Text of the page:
Question: When is punctuality important at a job interview?
If you want to get off to a good start and earn some positive points at an interview, being punctual is absolutely vital.
“Punctuality is a fundamental business courtesy that demonstrates you can be trusted to deliver as promised” – David Tovey
It should go without saying, but it is never acceptable to be late to an interview. This is such a common standard that some employers will refuse to interview a candidate if they are late. Sadly some candidates still fail to realise that there is a basic requirement to be on time.
Look at it from the potential employers point of view. If the person who apparently is really keen to work for you walks in for an interview 10 minutes late, would you trust them to be on time and be organized throughout their employment with you? The recruitment process also takes up a lot of time for both employment agencies and employers – being late suggests that you are indifferent about the effort they are taking to help you find the job you want.
Have no doubt that potential employers have heard all the excuses:
Sorry I’m late..
“The traffic was terrible”
“The trains were running late”
“I had problems finding your offices”
Use these excuses (or the many similar ones) and all that the interviewer will be thinking is that you are not organised enough to plan your journey. They know what the traffic is like around Gloucestershire, on the roads and motorways. They know how the trains run, they also know about Google Maps and Sat Nav. Remember that they travel the same routes themselves.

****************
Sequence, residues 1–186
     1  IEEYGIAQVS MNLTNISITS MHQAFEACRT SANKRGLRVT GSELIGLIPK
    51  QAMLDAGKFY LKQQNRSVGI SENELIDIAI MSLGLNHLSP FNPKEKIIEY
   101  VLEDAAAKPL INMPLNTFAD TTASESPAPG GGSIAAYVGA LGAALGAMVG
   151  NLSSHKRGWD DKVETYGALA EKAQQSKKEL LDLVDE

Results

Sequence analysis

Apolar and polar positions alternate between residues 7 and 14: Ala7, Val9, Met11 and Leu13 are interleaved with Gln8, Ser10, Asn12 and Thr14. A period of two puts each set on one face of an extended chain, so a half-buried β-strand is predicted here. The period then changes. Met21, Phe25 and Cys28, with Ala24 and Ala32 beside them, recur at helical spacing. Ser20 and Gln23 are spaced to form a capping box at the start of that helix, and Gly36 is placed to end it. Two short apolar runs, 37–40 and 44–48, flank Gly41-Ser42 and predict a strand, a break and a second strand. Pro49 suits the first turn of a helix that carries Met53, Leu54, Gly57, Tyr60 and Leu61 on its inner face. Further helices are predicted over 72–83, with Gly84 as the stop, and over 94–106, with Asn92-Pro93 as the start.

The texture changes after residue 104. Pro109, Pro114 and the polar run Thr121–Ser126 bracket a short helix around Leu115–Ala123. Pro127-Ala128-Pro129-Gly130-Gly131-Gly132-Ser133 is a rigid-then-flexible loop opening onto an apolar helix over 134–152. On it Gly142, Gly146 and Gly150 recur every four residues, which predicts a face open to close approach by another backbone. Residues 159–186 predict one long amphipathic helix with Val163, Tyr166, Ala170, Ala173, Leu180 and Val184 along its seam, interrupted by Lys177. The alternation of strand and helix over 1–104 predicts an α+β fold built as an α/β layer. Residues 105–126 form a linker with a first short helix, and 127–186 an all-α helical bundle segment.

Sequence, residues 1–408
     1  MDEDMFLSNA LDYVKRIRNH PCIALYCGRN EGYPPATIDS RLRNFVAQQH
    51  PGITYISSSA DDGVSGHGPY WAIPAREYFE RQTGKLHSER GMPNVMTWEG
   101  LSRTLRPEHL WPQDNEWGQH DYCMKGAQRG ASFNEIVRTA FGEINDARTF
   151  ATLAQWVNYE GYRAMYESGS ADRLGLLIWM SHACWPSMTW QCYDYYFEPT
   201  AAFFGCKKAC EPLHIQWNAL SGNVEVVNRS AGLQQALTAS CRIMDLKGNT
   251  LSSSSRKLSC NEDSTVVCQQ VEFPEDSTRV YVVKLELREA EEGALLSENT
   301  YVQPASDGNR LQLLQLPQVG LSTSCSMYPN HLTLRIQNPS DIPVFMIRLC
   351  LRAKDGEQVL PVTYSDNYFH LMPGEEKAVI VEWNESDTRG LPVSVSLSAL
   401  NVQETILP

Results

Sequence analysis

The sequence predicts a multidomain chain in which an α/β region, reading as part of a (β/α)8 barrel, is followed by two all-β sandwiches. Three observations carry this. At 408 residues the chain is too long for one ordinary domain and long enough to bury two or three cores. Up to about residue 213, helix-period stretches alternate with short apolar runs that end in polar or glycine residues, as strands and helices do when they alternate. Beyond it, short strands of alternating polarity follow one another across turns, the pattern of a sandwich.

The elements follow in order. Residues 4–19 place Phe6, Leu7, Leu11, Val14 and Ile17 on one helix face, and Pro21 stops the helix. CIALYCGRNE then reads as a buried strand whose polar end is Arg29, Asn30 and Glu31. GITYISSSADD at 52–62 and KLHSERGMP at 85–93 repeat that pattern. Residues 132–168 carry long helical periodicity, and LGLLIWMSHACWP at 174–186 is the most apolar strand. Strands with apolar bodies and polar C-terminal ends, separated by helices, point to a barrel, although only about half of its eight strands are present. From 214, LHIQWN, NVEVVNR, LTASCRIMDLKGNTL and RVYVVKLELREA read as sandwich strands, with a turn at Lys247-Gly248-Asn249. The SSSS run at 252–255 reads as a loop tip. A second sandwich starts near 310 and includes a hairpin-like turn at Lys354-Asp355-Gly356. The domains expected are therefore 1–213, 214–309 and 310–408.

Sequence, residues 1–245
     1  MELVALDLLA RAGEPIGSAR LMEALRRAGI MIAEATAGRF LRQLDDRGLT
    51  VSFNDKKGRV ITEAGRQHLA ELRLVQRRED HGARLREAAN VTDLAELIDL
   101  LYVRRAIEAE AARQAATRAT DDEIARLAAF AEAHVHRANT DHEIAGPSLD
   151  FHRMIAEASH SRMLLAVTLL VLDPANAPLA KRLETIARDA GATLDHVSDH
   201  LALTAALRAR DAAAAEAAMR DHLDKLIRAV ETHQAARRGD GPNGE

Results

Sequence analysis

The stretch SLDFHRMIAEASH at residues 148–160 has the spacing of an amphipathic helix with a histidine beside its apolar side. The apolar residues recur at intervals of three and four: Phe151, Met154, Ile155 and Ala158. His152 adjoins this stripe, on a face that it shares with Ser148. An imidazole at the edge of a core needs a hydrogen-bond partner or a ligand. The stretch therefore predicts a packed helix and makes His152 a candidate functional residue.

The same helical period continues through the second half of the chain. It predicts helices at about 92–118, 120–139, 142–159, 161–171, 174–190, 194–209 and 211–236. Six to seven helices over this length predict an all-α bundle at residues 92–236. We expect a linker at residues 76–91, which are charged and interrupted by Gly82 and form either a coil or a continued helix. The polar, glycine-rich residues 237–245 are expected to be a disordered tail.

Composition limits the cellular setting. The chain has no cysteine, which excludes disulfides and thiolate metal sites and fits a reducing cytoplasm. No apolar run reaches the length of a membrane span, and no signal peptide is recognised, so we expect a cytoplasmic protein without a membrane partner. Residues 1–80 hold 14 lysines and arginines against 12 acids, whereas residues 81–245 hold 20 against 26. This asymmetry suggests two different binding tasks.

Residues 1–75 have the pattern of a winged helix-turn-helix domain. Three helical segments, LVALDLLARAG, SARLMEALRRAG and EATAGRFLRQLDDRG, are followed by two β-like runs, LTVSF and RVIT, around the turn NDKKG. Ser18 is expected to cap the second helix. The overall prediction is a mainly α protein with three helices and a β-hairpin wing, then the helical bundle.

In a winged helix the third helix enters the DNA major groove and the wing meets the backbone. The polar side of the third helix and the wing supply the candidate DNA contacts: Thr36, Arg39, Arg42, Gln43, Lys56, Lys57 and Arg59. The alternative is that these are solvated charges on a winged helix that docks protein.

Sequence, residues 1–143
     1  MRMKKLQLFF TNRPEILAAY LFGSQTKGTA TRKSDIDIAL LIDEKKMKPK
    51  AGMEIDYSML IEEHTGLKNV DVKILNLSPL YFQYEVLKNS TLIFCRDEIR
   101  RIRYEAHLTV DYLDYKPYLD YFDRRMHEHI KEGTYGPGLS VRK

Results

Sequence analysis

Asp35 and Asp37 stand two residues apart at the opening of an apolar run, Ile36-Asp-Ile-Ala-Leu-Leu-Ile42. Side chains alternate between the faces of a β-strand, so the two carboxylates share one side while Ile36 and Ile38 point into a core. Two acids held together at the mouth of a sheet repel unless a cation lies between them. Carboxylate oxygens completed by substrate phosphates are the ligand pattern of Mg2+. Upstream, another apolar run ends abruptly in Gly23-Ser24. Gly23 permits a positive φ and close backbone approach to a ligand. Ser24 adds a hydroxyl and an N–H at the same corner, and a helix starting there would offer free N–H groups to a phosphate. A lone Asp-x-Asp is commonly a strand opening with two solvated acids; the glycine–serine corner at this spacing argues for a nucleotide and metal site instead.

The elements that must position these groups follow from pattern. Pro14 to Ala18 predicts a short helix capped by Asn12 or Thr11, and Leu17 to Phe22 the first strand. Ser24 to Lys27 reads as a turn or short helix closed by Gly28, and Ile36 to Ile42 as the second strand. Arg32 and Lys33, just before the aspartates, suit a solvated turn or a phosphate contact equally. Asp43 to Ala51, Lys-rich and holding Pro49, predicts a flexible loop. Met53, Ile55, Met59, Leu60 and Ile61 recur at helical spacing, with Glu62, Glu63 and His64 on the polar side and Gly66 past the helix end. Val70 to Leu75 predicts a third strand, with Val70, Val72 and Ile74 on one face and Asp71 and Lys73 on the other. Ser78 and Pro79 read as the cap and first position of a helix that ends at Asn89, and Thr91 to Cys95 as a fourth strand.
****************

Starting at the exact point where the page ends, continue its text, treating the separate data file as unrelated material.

“People don’t arrive late, they set out late” – David Tovey
But don’t arrive early
Arriving late is clearly not going to help you get the job you want – but being too early isn’t going to help your cause either. There are people who turn up 30 – 40 minutes early for a job interview and waltz in thinking it’s ok.
Just like when you turn up late, the recruitment manager is thinking.
- You can’t (or don’t) follow instructions.
- You don’t respect the recruitment managers time pressures.
Late or early – if they are thinking that about you before you have even introduced yourself – what do you think that does to your chances of getting the job offer?
Turning up too early for an interview can also make it awkward for your potential employer. The organisation might only have one meeting room, so if you turn up too early you’ll have to be seated in reception – sometimes next to another person also waiting to go into the interview for the same role as you. That can be uncomfortable for everyone.
A job interview provides the opportunity for you to shine, it’s your chance to make the right impression and the impression you make starts the moment you arrive. Those extra 30-40 minutes will count towards what the potential employer thinks of you.
What should you do?
Plan to arrive around 5 minutes early, not earlier and not later.
If you turn up too early:
- Go to a local coffee shop. You get time to collect your thoughts and relax.
- Wait in your car. As above; you get time to read any notes you have made and use your smart phone to check out the latest news about the organisation you are about to meet with.
- Go for a walk. Take in the sights of the local area.
When it comes to choosing between two good candidates, it can be the smallest of things that make all the difference. Don’t miss out on your finding your ideal job just because you didn’t turn up on time, it’s totally under your control. Check out our bolg “Why didn’t I get the job”.
Employers and candidates tell us that First Base is their first choice for help with their recruitment requirements and their personal career progression. If you would like to know more about how the First Base team could help you, contact us on 01453 755330.